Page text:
Sent by Ed Brown | 12:17 PM | 9-19-2006

You're not dead yet... that is all you need to know. As long as I'm alive and able to go about my daily business, that is exactly what I plan to do whether I want to buy pretty shoes or a car, I'm not dead yet. As long as I'm able to wander around I might as well do it comfortably and with some style. The opposite of dead is living and getting a nice pair of pants is part of that if you ask me. Enjoy them, for however long you have.

Sent by Chris | 12:18 PM | 9-19-2006


This topic about planning ahead brings to mind a story too good not share about my father. I lost him at the age of 76 in February of this year due to complications from bladder cancer. However, before he passed away — in January — he and my mother decided to sell their home and purchase a condo in the same neighborhood where they had lived since the early 1950's.

As my dad was starting to organize the sale of the house and coming up with a down payment for the condo, he got in the mail one of those unsolicited offers from a bank for immediate access to up to $30,000 in the form of a home equity line of credit. Apparently, he opted to take advantage of one of these offers and used one of the "ready to use" checks that come with the offer to write a check for $20,000 towards the down payment of the condo.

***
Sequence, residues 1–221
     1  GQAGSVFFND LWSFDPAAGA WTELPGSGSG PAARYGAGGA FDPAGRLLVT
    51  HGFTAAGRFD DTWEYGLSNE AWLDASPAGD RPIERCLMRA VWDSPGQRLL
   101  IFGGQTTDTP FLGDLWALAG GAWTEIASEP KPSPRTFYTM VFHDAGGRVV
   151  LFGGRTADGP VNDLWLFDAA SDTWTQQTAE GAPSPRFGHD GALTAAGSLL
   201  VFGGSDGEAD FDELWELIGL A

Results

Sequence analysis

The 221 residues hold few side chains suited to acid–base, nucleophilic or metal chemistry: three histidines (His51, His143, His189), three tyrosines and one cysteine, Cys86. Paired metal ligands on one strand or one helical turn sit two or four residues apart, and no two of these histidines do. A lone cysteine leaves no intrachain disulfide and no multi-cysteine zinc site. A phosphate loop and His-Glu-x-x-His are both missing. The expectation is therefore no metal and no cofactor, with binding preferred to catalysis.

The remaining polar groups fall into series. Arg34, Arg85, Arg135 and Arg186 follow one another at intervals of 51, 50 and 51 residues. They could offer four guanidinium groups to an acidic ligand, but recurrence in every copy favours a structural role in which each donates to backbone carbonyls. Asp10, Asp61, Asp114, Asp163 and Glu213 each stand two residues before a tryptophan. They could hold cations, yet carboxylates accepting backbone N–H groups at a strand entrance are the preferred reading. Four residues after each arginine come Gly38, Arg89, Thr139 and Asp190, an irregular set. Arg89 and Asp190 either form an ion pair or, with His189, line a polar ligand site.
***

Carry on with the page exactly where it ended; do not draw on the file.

About three weeks after he passed away, my mother and my brother are going through the bills that have arrived since his passing. In the stack of bills is the statement from the bank with respect to the $20,000 loan/check my dad wrote for the condo's down payment. But also on the statement is a charge of $60 for something called "payment protection." My brother calls the bank and asks what this $60 charge is for and they tell him my dad purchased a small insurance policy with the loan such that if he passed away, any loan up to $20,000 would be forgiven.

Bingo! The loan is wiped clean and my mom is off the hook for $20,000.

Right up to the end, my dad was thinking. Moreover, I believe that he probably was looking for just the right moment and just the right circumstances to collectively to say to all the banks and lenders and creditors he fought with over the years — "GOTCHA!"

Sent by Joel Widder | 12:21 PM | 9-19-2006

Hi, Leroy,

I've been going through the latest Blair catalog, looking over the fall clothes and colors. My husband has urged me to "buy something," as he knows I love color in the clothes line. I don't try to keep up on the latest styles, but also try not to look frumpy! It's a breath of fresh air to put on something that's vibrant (I don't wear neon colors), especially any time I've been in the hospital in gowns or the infusion room with prodding and poking of needles in my port.